Criticisms Abound as Radio Marti Features Angelina Castro; The Station Strikes the Interview

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from Broadcasts on the Miami-based, US government-funded radio station known as Radio Martí typically aim to highlight the virtues of liberal democracy and free market economics. But the recent airing of an interview with Cuban adult film star Angelina Castro proved that the station has become more than just a vehicle for providing “unbiased” news to Cubans.

“Ronald Reagan established [taxpayer-financed] Radio Martí in 1983 to help promote freedom and democracy, but the…program featuring Angelina Castro was all about sex,” Along the Malecon’s Tracey Eaton wrote of the broadcast.

Speaking on 1800 Online, a program hosted by Juan Juan Almeida and Lizandra Díaz Blanco that generally focuses on Internet-related initiatives and citizen journalism in Cuba, Castro described how she began making adult films in order to pay her student loans after graduating from college.

She soon fell in love with the work and has since become a celebrated porn star and producer in Miami, a major hub for adult filmmaking and websites in the US.

The actress spoke at length about her desire to “break stereotypes” about the industry by showing the public that acting in adult films is “a job like any other.”

Although pornography is illegal in Cuba, Almeida noted that illegal, informally produced pornography from Cuba is on the rise online. Castro, who moved from Cuba to the US at age twelve, encouraged Cubans interested in working in the pornography industry to contact her through her website.

Bloggers on both sides of the Florida Straits reacted to the program with indignation. While flatly rejecting the mission of Radio Marti, Norelys Morales Aguilera, a state journalist and blogger in Santa Clara, Cuba, was deeply offended by the program.

Parecía que la maquinaría de propaganda yanqui había utilizado todas las técnicas y todos los argumentos imaginables para intentar inspirar a los cubanos un disgusto hacía su Revolución y el deseo de emigrar. Faltaba lanzar la idea de que uno puede soñar con prosperar en el paraíso norteamericano donde se puede disfrutar la “libertad” de convertirse en “estrella” de la industria pornográfica.
Voice of America toma generalmente precauciones para no ensuciar la imagen del gobierno que representa oficialmente, pero su sucursal que derrocha anualmente millones para intoxicar inútilmente las ondas radiofónicas, rompió las reglas para estimular algo que ni se promociona en las radios comerciales.

Translation: It had seemed that the Yankee propaganda machine had used all of possible techniques and vehicles [in an effort] to make Cubans feel disgust towards the Revolution and to want to migrate. But they had yet to try [promoting] the idea that one could dream of prospering in the paradise of North America where one can enjoy the “freedom” to convert oneself into a “star” of the pornography industry.
Voice of America generally takes precautions not to tarnish the image of the government that it officially represents [the US government], but the office that allocates millions of dollars each year to uselessly contaminate the radio waves, broke the rules in order to stimulate something that isn’t even promoted on commercial radio.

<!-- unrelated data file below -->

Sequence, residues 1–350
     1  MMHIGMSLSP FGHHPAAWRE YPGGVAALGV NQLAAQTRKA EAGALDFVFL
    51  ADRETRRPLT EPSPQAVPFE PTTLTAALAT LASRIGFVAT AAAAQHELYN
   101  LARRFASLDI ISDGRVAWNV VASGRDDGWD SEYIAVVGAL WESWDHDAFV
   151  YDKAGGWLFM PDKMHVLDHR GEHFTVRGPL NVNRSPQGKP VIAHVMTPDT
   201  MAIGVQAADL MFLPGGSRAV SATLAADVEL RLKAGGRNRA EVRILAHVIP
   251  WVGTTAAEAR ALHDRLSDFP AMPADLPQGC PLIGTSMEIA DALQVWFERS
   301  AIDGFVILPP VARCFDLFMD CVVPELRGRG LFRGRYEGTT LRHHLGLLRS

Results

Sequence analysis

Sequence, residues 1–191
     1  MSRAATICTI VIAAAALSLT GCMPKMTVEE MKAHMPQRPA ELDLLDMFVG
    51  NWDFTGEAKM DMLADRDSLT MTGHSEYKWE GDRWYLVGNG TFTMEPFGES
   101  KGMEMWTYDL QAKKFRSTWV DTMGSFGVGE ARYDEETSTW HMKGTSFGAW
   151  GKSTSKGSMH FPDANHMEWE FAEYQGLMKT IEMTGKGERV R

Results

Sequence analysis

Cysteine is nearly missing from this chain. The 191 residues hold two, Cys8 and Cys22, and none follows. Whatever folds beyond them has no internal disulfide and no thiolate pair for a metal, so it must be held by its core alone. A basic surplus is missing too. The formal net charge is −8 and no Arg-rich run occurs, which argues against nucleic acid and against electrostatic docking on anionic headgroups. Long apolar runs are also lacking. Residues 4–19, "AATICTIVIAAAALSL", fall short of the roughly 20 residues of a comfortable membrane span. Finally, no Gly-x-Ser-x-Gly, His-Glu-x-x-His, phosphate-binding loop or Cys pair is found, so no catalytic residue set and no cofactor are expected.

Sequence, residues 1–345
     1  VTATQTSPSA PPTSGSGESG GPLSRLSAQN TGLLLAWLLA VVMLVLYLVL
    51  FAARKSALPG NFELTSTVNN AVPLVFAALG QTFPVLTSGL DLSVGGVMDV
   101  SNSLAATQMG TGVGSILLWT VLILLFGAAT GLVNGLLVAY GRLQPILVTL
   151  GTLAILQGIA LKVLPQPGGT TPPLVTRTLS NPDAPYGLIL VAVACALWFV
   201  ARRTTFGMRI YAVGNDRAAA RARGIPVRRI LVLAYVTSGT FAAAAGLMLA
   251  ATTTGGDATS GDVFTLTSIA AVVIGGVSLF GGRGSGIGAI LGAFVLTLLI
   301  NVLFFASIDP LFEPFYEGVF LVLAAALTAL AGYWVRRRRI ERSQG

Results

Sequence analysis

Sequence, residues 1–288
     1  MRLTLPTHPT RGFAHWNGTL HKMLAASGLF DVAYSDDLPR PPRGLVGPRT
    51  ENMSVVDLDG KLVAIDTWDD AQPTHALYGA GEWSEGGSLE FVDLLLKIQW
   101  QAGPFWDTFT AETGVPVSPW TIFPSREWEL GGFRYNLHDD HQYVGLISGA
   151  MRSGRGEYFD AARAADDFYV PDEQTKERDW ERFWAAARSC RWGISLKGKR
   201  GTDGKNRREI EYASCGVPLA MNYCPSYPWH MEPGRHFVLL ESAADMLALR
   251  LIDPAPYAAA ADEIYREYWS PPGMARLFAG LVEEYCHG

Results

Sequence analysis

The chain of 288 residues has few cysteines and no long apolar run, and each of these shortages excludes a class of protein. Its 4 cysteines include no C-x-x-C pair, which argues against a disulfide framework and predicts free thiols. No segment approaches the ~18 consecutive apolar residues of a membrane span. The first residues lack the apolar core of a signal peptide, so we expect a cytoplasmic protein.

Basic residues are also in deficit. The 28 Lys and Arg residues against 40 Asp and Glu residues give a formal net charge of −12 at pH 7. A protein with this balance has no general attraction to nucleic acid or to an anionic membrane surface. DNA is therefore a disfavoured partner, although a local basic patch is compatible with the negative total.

At Diario de las Américas, Angel Cuadra called the discussion and the topic at large “disgusting,” lamenting the fact that the conversation was being broadcast to Cubans on the island. He wrote:

Porque estimamos que para ese tipo de mensaje no se han asignado los fondos para esa importante emisora, sino para llevar a los cubanos el recado edificante de libertad, ética cívico-patriótica y los valores positivos que la democracia propicia…

Translation: We must presume that [the federal government] has not allocated funding for this type of message, but rather to bring to Cubans an inspiring message of freedom, civil-patriotic ethics and the positive values brought about by democracy…

Luis Díaz, host of TeleMiami’s Buenas Tardes, Miami, also questioned the value of inviting Ms. Castro to speak on the program. US-based Cuban blogger and scholar Emilio Ichikawa rejected these critiques:

Si lo que Díaz quiere es una opinión y no otra cosa, pues me parece que el programa de RADIO MARTI con la actriz Angelina Castro resultó más transparente y sano para las mentes de los compatriotas que el mareo pedagógico que él realizó hoy en su programa…
En cuanto a las repercusiones que todo esto pueda tener para la libertad de Cuba, obviamente creo que es más emancipadora la sonrisa y el sentido del humor de Angelina Castro que una crítica televisiva sin objetivos claros como la propuesta por Díaz.

Translation: If what Diaz wants is an opinion and nothing else, then it seems to me that the RADIO MARTI program featuring actress Angelina Castro was more transparent and healthy for the minds of compatriots than the pedagogical nausea that he produced on his program today…
As for the repercussions that all of this can have for freedom in Cuba, obviously I think that the smile and sense of humor of Angelina Castro are more liberating than a televised critique without clear objectives, as Diaz has given.

Although Ichikawa was not alone in defending Online 1800 and Ms. Castro, sharp criticism from multiple voices in Miami’s Cuban community appear to have caused the station to remove the Aug. 1 interview from their website. Interested readers can download a recording of the interview here.


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